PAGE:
Just when you finally managed to stop pondering all of the things that could go wrong when riding the NYC Subway, it turns out that the computer system that controls the trains crashed for a few minutes yesterday.
It was only “down” for a few moments. However, when it came back online, the system was unable to find many of the trains in the system.
The system that crashed only controls the numbered lines. While the system went down and recovered, many trains were forced remain in stations or mid-tunnels while dispatchers manually radioed individual trains to determine their location. Yikes.
Perhaps some of the MTA employees that read SUBWAYblogger could enlighten us on why the computer can’t locate trains after a reboot. I assume the trains have to pass some sort of sensor on the track. So if the trains weren’t moving, they hadn’t passed over a sensor since the reboot.
Apparently there is a strange odor at the 53rd and 7th station that has caused it to be evacuated.
B, D, and E trains are bypassing the station at this time, and last we heard, passengers are not being allowed to enter the station. However, the MTA says the V train is running with residual delays. So I guess it’s at least partially open?
The strange odor is allegedly coming from a faulty elevator motor. Of course, that is no shock.
Who knew all we needed was some MIT kids to help us get around any future fare hikes.
Apparently, some students at MIT made it a class project to hack the Boston subway system (aka the T). As a matter of fact, the title of the project is: “The Anatomy of a Subway Hack: Breaking Crypto RFIDs & Magstripes of Ticketing Systems.”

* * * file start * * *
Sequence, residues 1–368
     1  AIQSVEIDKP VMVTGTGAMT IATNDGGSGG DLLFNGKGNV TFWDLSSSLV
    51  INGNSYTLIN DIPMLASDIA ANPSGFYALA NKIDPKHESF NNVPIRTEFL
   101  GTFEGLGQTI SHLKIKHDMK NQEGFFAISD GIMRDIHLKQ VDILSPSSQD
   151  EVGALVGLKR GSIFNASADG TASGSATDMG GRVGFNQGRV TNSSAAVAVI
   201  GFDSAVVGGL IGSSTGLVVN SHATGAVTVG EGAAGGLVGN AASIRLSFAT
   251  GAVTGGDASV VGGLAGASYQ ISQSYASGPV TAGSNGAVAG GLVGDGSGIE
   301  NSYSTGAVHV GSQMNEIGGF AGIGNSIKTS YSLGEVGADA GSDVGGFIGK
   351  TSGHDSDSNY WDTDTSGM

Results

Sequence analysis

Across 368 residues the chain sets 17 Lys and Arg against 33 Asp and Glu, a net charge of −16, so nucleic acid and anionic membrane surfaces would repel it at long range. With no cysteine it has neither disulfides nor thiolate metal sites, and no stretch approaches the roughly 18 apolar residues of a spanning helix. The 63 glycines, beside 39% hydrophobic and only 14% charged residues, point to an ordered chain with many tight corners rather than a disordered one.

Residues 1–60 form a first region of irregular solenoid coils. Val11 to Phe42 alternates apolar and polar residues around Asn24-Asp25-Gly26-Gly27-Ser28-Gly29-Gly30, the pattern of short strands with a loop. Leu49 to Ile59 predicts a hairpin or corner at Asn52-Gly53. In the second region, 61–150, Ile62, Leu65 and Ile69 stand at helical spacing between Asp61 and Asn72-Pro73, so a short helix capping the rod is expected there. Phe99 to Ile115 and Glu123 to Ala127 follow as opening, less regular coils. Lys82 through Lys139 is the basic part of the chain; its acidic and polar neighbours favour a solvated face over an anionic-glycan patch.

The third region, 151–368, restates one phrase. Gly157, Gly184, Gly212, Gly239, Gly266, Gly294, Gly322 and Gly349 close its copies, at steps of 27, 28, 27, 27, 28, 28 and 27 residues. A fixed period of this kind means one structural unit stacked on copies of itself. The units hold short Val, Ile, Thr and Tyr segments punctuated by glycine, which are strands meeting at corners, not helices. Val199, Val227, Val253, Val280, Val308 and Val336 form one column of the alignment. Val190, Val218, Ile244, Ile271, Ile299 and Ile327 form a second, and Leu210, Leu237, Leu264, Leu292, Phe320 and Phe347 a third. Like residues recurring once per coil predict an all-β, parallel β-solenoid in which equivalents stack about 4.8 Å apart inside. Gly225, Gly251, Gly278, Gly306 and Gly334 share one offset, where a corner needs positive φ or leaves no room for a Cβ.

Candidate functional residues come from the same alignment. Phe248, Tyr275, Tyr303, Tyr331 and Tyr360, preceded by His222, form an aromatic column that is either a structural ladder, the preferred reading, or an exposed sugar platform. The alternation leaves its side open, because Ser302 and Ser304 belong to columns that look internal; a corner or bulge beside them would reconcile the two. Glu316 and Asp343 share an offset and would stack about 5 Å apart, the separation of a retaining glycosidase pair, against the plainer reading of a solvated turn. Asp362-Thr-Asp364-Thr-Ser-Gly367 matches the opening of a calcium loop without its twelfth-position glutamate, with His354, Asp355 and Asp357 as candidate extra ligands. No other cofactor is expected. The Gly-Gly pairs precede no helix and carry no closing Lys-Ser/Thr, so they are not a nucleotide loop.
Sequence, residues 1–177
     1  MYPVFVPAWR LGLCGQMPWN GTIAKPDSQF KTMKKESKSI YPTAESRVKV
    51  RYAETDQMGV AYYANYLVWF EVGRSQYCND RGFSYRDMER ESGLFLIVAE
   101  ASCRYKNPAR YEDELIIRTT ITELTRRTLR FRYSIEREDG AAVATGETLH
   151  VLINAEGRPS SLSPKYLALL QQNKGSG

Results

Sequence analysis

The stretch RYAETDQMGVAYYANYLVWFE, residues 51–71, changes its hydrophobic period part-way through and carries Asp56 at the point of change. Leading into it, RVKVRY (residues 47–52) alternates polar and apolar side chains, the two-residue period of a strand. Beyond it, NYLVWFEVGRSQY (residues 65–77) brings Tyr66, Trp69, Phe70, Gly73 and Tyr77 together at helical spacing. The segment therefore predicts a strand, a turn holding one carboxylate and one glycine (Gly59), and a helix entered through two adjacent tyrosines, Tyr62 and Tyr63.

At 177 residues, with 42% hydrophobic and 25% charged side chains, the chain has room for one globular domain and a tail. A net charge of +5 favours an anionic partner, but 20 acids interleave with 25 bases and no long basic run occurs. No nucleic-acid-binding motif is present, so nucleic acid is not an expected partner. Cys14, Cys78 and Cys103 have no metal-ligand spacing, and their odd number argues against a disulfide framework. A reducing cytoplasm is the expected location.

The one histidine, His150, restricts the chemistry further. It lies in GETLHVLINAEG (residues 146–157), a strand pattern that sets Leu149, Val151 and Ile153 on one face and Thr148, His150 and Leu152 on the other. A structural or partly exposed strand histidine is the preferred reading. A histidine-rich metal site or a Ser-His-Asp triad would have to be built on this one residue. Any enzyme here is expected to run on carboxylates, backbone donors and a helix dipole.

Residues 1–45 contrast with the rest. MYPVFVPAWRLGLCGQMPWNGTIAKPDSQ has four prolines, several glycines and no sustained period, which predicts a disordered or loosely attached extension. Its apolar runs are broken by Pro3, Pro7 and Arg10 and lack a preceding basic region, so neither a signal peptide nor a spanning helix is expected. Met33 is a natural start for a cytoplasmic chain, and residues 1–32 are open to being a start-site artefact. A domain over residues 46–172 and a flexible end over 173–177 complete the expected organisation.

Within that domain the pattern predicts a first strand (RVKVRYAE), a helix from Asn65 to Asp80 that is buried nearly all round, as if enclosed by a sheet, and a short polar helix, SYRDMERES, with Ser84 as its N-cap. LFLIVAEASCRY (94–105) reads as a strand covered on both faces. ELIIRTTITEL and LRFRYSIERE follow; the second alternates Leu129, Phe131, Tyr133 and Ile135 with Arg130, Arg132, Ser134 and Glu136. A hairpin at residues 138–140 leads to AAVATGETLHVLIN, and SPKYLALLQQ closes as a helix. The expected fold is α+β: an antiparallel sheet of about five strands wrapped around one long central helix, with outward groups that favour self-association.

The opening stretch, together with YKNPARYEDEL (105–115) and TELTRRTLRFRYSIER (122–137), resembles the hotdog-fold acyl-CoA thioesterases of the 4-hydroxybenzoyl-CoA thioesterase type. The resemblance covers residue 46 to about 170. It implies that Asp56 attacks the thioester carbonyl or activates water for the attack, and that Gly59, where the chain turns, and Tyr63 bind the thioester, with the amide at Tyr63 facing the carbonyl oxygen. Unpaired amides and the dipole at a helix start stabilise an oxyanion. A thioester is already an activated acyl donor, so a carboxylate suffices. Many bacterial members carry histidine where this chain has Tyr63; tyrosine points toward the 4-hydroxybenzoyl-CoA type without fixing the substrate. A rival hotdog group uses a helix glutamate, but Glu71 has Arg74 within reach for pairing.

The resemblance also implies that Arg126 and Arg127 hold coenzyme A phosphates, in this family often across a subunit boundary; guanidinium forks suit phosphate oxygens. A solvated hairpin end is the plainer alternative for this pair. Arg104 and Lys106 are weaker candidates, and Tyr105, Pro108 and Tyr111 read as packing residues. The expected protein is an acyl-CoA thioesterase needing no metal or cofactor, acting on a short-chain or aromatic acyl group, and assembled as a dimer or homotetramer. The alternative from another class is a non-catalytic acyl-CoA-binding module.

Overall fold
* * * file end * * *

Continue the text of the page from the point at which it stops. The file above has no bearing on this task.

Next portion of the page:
Now, the students are computer security majors, so you can see the fit.
They planned to give their 80+ slide presentation at Defcon, a very large security conference.
The EFF (Electronic Frontier Foundation) got involved to fight the order.
Anyway, the kids had successfully shown how to generate and reverse engineer CharlieCards and CharlieTickets, the Boston version of Metrocards.
They basically did in a semester what any professional hackers could do, but planed to use it as an educational tool. Sure, stealing rides is illegal, but the bigger issue is that some students were able to beat a system pretty easily.
Makes me wonder what kind of havoc they could wreak with the Metrocard system.
It appears that the pass/fail mark was 78 degrees. Personally, I think that is a little toasty, but manageable. That’s certainly better than some trains over 88 degrees!
The E train had the worst score, which is not a surprise at all because they are the oldest trains.
So I’m left wondering why a study was needed. I mean, sure it probably gives you an official looking number when you’re done, but it doesn’t really fix anything.
The MTA should be studying what would improve the a) reporting and b) repairing of overheating cars.
I guess you can just see which cars have no AC because they are usually empty! However, I doubt if riders report overheated train cars. Air conditioning, along with other general repair needs should be easily reportable, but they aren’t. I mean you could call 411 I guess, but who has time for that?
Well, the Metrocard drama seems to have continued today, and still no explanations.
Paul J. Fleuranges, the chief spokesman for New York City Transit, the arm of the Metropolitan Transportation Authority that runs the subways and buses, declined to speculate on the cause of the breakdown, but said “it was a systemwide outage affecting all or close to every” of the 2,245 machines. He characterized the problem as unprecedented in its magnitude. [NY Times]
Unprecedented. Wow. That’s greeeeat to hear.
It’s apparently a breakdown in network communication between the MTA’s system and the company that actually does the credit card processing.
Rumor has it that some people were actually charged for a Metrocard even though the machine said it was unable to process the transaction, and no card was dispensed. So check your statements people!